Another, perhaps more problematic issue to worry about is the complexity of software controlling our aircraft. You may have heard that some daring souls are willing to brave the “beta” version of your favorite software application. These prerelease versions are sent out to users to test in real world conditions, looking for bugs. Some software applications are said to be in “perpetual beta,” meaning they will never really be finished. I think we in the aviation world are doomed to fly perpetual beta releases because our software can never be fully tested except in the real world, because the real world is too complicated to fully predict in a research and development environment.
Consider, for example, the Lockheed Martin F-22 Raptor, which was introduced in the U.S. Air Force in 2005 at a cost of $360 million per copy. It was considered such a technological marvel that it was awarded the prestigious Collier Trophy in 2006. The next year, during its first deployment across the International Date Line from Hawaii to Japan, a flight of a half dozen Raptors lost all navigation, communications, and fuel management systems because of what was called a “computer glitch” that seemed to be triggered once crossing the date line. The aircraft were able to visually signal their distress to their air refueling tankers, who escorted them back to Hawaii. The Air Force has never officially explained what caused the glitch, but the fix was instituted within 48 hours.
More about this incident: Technophobe.
How can we, as operators, possibly predict the reliability of our aircraft, given their complexity? More importantly, how can we have faith in predicted reliability given to us in terms of failures per thousands of flight hours or sorties?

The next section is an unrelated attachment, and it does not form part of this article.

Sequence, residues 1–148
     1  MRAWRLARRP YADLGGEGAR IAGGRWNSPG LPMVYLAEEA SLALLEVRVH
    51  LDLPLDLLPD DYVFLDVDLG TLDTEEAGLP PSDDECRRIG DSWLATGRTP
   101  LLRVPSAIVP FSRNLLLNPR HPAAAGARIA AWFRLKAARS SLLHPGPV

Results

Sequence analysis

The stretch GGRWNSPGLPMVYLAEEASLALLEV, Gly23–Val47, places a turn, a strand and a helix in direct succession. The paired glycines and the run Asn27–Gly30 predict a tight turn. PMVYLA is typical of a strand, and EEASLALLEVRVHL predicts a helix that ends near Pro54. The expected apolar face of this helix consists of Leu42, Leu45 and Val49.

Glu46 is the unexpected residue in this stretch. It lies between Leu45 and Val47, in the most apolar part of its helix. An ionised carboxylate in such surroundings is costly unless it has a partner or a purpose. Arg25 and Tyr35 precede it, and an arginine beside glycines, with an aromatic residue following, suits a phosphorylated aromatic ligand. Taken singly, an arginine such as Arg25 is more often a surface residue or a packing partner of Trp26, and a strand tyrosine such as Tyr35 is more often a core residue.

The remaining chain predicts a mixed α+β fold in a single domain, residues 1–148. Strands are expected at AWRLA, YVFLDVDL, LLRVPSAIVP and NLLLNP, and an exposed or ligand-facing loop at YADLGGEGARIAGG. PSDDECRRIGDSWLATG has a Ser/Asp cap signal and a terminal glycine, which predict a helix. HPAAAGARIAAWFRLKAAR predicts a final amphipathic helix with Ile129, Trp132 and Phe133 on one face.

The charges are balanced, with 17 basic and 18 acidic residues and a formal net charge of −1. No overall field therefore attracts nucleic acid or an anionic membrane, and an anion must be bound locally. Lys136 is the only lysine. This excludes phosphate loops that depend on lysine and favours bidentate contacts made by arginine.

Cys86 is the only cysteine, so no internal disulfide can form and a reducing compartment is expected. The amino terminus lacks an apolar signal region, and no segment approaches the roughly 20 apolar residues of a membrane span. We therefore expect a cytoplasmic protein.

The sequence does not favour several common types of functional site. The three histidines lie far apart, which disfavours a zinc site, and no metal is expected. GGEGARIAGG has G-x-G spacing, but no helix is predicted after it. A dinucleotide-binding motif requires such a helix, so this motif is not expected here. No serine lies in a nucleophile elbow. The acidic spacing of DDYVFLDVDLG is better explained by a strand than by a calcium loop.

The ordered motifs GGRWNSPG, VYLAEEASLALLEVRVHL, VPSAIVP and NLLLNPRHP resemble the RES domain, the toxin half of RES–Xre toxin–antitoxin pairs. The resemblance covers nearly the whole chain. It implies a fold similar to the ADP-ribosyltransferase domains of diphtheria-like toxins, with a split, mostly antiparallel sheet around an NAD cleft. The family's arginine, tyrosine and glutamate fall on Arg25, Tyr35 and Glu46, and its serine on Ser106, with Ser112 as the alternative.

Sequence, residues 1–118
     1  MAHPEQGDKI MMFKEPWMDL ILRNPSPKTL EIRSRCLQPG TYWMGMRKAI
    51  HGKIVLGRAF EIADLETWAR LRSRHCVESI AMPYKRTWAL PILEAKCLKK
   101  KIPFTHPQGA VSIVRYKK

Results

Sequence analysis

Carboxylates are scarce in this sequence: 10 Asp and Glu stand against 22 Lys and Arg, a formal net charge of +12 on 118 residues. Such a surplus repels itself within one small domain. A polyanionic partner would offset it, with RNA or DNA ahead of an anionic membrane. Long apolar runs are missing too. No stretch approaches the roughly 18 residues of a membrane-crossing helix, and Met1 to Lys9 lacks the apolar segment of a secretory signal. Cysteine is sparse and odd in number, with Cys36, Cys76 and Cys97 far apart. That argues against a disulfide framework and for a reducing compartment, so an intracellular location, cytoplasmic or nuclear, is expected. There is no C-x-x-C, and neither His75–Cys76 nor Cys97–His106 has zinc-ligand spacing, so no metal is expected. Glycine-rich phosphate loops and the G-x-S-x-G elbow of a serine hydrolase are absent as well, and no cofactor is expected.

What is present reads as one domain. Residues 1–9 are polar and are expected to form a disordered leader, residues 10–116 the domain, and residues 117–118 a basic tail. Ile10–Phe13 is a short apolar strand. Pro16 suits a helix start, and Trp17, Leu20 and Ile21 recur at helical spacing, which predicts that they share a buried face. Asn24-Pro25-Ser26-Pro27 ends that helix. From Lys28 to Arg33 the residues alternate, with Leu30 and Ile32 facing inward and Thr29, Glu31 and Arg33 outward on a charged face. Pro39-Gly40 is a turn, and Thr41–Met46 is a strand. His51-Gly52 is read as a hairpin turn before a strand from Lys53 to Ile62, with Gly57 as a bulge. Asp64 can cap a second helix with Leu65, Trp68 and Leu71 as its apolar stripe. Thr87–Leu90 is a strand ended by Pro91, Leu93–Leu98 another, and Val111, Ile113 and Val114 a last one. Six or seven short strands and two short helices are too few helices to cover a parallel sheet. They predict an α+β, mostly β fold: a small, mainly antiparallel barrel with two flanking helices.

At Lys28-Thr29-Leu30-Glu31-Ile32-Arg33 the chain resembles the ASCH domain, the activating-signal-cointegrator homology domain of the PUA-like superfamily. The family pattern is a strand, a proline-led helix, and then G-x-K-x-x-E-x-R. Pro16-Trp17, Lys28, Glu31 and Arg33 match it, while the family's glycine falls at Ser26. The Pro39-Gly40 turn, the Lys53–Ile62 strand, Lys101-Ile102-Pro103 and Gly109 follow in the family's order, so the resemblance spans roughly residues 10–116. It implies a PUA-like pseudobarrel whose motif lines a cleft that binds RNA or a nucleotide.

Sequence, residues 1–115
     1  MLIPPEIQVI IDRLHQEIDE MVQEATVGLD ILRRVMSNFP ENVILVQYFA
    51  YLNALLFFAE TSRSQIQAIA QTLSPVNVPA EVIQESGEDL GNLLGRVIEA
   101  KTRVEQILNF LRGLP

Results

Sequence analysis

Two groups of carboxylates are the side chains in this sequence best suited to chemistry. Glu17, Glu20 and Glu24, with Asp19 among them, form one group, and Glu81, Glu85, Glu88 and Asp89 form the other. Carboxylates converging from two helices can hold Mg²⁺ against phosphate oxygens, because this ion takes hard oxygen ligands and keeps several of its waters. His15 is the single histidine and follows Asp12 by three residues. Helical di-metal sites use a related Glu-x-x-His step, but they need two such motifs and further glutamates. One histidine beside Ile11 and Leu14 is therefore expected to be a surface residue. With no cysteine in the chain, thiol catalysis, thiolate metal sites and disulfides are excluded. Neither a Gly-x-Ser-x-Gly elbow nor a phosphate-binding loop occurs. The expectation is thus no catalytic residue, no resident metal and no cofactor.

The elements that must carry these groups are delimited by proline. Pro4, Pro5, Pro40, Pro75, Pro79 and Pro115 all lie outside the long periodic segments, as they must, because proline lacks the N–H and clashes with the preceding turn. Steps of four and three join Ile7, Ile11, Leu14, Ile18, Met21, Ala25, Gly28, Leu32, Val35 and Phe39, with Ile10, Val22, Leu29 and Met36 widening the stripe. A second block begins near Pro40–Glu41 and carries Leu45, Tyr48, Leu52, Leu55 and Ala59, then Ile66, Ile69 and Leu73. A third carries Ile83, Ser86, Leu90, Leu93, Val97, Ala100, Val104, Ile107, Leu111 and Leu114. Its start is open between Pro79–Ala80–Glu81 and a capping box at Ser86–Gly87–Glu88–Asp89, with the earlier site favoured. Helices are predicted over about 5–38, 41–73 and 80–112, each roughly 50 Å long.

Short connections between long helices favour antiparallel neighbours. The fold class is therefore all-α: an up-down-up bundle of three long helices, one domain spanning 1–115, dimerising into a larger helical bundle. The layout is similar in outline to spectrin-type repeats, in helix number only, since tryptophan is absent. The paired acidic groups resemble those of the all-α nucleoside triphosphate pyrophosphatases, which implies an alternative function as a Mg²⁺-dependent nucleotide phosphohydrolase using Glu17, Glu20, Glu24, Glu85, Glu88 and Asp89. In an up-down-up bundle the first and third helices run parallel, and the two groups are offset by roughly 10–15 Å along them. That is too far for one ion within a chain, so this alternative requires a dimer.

The pilot’s conundrum
Most pilots with more than a few years flying computerized jets will have heard “you need to reboot” from maintenance when reacting to a problem after initial power up. A reboot for many aircraft involves turning everything off and waiting a few minutes, but some may also require some or all aircraft batteries be disconnected.
I was once in this situation with a horizontal stabilizer and after the reboot was assured the aircraft was safe to fly. “Why did it fail before and not after the reboot?” I asked. “These things happen, don’t worry about it.” I refused to fly the aircraft and further investigation revealed the reboot allowed the software to bypass a System Power-On Self Test (SPOST) of an electrical brake on the stabilizer. I no longer accept “don’t worry about it” when it comes to airplane problems.
I accept that flight itself is not risk free, but I also reject inflated claims of reliability. In the Gulfstream GVII that I fly these days, for example, we are told the fly-by-wire system could degrade from “Normal” to “Alternate” mode if we lose too many air data or inertial references sources, or if the flight control computers lose communications with the horizontal stabilizer system. We are told the probability of this happening is less than “1 per 10 million flight hours.” As an engineer, that makes me think of the claims given for the space shuttle. As a pilot, I think that even if the 1 per 10 million flight hours is true, it doesn’t matter if that particular one hour happens with me in the seat.
The conundrum we face when it comes to critical system reliability is that we just don’t know for sure and that we must often assume the designers have given us an acceptable safety margin. That is the theory that makes all this work. But what of reality?
In both the “fly by cable” T-37 and Airbus A330 fly-by-wire examples, the pilots were presented with situations they had never been trained for and were not addressed in any manuals. They used their systems knowledge to solve their problems. How do we apply these lessons to any aircraft, no matter the complexity?
First, you should do a risk analysis of all systems and identify those that can kill you if they misbehave. I would include any fly-by-wire system that cannot be turned off and controlled manually. You may also want to consider powerplants where the computers have full authority on the shutdown decision. Next, you should realize that you can never know too much about these systems. What you learn in school is just the starting point. Finally, you should be a consumer of all information related to these systems. Studying accident case studies not only helps you to learn from the mistakes of others, it also reveals to you the magic trick performed by quick thinking pilots dealing with aircraft once thought to be as reliable as yours.
Accident to Boeing 777-236, G-YMMM at London Heathrow Airport on 17 January 2008, United Kingdom, Department of Transport, Air Accident Investigation Branch, Report 1/2010.